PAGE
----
Sunday, March 13, 2016

Keeping my Religion for Equality

I have always had a conflicted admiration for former President Jimmy Carter's infamous piece, Losing My Religion for Equality. In this revolutionary work, Carter outlines his reasons for leaving the Southern Baptist Convention, and ends with the following statement.
The truth is that male religious leaders have had - and still have - an option to interpret holy teachings either to exalt or subjugate women. They have, for their own selfish ends, overwhelmingly chosen the latter. Their continuing choice provides the foundation or justification for much of the pervasive persecution and abuse of women throughout the world. This is in clear violation not just of the Universal Declaration of Human Rights but also the teachings of Jesus Christ, the Apostle Paul, Moses and the prophets, Muhammad, and founders of other great religions - all of whom have called for proper and equitable treatment of all the children of God. It is time we had the courage to challenge these views.
On one hand, I applaud and deeply embrace the various sentiments Carter expressed throughout the piece, (which I highly recommend you read in full,) and on the other, the terminology associated with "losing religion" disturbed me. I understand his statement, I truly do. I once told a friend with deep conviction that I "could not worship a god who encouraged the subjugation of half of his people based on a gender which he had assigned them", and was greeted with her horror and immediate defensiveness. This surprised me. I assumed that what I was saying was obvious; if a god gave equal gifts and abilities to all creation, then denied the use of them to half based on an element outside of their control, then clearly, that god was not God at all, at least not the God described in the Bible. God who created male and female in His own image, could not be the same god who says that women in fact get a little bit less of his image. I find that notion jarring with the very spirit of Christ in me, and I reject it utterly.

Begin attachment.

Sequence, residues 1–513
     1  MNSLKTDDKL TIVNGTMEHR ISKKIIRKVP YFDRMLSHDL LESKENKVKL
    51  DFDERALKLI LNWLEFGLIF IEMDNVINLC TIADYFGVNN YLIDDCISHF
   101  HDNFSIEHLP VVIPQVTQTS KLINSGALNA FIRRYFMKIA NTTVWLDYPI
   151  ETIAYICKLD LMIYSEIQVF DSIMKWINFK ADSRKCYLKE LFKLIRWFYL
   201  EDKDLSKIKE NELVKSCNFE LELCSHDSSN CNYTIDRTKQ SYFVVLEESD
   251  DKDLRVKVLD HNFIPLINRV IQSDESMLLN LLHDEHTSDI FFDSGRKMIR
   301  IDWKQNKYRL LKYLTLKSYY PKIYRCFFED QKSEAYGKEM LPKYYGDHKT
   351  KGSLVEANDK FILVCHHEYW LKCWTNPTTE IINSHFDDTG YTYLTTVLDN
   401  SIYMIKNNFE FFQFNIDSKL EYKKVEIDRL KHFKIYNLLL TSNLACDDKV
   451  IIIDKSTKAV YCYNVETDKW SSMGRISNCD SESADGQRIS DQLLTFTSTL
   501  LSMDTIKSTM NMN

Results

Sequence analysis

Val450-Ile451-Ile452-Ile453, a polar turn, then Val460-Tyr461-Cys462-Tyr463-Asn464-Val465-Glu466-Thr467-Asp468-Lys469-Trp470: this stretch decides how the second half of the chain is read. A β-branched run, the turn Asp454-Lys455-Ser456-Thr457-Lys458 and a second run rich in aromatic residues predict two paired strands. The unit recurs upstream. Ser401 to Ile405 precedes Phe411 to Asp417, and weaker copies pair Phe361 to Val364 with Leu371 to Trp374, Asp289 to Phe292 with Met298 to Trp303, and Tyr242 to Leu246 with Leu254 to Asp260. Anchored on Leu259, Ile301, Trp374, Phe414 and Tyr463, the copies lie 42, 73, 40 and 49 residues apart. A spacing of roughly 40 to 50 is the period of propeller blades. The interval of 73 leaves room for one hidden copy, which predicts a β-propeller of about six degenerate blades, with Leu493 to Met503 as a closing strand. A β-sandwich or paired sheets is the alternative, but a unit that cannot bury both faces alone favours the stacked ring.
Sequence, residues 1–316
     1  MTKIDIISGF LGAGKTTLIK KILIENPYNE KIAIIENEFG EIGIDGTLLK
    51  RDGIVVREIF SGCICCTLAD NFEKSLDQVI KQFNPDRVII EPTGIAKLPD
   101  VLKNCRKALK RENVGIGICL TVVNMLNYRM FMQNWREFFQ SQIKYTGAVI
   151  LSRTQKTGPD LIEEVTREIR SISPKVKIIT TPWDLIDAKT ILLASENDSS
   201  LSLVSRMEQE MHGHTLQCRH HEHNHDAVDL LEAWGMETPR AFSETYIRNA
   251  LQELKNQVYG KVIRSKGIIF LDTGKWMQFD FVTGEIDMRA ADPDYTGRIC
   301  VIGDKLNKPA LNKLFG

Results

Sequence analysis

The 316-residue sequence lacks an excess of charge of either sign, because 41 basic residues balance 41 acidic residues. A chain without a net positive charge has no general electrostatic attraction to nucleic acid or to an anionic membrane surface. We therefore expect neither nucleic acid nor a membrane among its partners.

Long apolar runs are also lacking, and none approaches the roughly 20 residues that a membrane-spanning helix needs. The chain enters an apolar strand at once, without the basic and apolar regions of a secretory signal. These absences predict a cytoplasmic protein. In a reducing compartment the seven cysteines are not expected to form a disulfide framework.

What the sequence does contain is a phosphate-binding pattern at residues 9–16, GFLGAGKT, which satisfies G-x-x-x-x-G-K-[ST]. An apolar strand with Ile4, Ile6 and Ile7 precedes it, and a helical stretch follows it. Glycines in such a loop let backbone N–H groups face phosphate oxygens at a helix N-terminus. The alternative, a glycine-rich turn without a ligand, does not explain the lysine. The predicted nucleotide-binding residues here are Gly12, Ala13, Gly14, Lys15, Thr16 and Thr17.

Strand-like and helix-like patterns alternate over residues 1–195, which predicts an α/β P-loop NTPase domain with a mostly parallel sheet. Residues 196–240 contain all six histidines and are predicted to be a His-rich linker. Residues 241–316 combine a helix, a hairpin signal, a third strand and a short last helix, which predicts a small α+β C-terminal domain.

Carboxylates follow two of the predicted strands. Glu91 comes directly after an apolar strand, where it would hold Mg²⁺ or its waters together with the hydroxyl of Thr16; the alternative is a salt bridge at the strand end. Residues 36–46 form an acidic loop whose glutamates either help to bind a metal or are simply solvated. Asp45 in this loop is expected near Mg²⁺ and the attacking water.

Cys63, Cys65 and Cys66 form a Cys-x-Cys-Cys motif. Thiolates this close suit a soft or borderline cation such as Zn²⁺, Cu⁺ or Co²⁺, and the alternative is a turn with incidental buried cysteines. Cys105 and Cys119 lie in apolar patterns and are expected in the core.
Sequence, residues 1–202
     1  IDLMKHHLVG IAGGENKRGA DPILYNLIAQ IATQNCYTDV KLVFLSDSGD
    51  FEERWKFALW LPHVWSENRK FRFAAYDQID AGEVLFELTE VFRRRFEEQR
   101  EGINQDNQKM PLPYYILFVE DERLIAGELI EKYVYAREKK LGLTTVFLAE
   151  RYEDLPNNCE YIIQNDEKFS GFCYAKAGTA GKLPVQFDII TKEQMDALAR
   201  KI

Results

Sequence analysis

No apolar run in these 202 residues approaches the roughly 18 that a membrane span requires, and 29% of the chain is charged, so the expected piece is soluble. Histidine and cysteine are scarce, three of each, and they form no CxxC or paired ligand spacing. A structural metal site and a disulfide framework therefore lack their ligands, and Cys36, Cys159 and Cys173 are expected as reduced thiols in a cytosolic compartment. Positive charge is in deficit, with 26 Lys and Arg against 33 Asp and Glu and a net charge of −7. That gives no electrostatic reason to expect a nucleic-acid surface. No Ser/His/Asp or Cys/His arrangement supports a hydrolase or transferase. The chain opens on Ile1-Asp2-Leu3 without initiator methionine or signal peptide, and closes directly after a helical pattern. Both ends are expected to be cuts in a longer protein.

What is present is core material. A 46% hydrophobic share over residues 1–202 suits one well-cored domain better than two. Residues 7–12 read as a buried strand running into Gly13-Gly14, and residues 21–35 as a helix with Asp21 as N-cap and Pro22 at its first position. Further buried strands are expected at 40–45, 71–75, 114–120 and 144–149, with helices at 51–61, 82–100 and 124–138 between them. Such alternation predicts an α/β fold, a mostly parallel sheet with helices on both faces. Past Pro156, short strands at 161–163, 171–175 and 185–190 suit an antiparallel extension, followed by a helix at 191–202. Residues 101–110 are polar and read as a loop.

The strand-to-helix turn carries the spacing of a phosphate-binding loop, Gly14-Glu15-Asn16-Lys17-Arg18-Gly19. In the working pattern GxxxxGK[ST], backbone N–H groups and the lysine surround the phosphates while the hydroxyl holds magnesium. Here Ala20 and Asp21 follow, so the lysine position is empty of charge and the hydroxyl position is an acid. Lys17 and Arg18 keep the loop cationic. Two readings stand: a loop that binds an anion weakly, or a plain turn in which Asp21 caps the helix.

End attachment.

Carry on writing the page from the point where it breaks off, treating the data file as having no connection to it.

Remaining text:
So why do we cling so dearly to our "religious" affiliations? I think to a certain extent, it is valid and understandable. Any individual who claims faith as a key life element needs to be able to define this influence and identify how it impacts their daily existence. Nothing quite like understanding why you believe what you believe and what God you associate with as when you are being tossed into an arena full of hungry lions (here's looking at you, early Christianity).

But how do we address issues of conscience, deeply rooted in our passion for social justice and Christ-like living in this world, that are antithetical to the teachings of a particular denomination? Well, I had to figure out how I felt about this right-quick, as my home church established its charter membership. (Quick note: my church has never in my memory had "membership", we were simply a warm and welcoming family to any who entered our doors. However, in order to build a necessary handicap ramp to the building, the church was required to produce a membership list to governing authorities. Hence, the establishment of an official set of bylaws.) So I was faced with a decision, to sign or not to sign.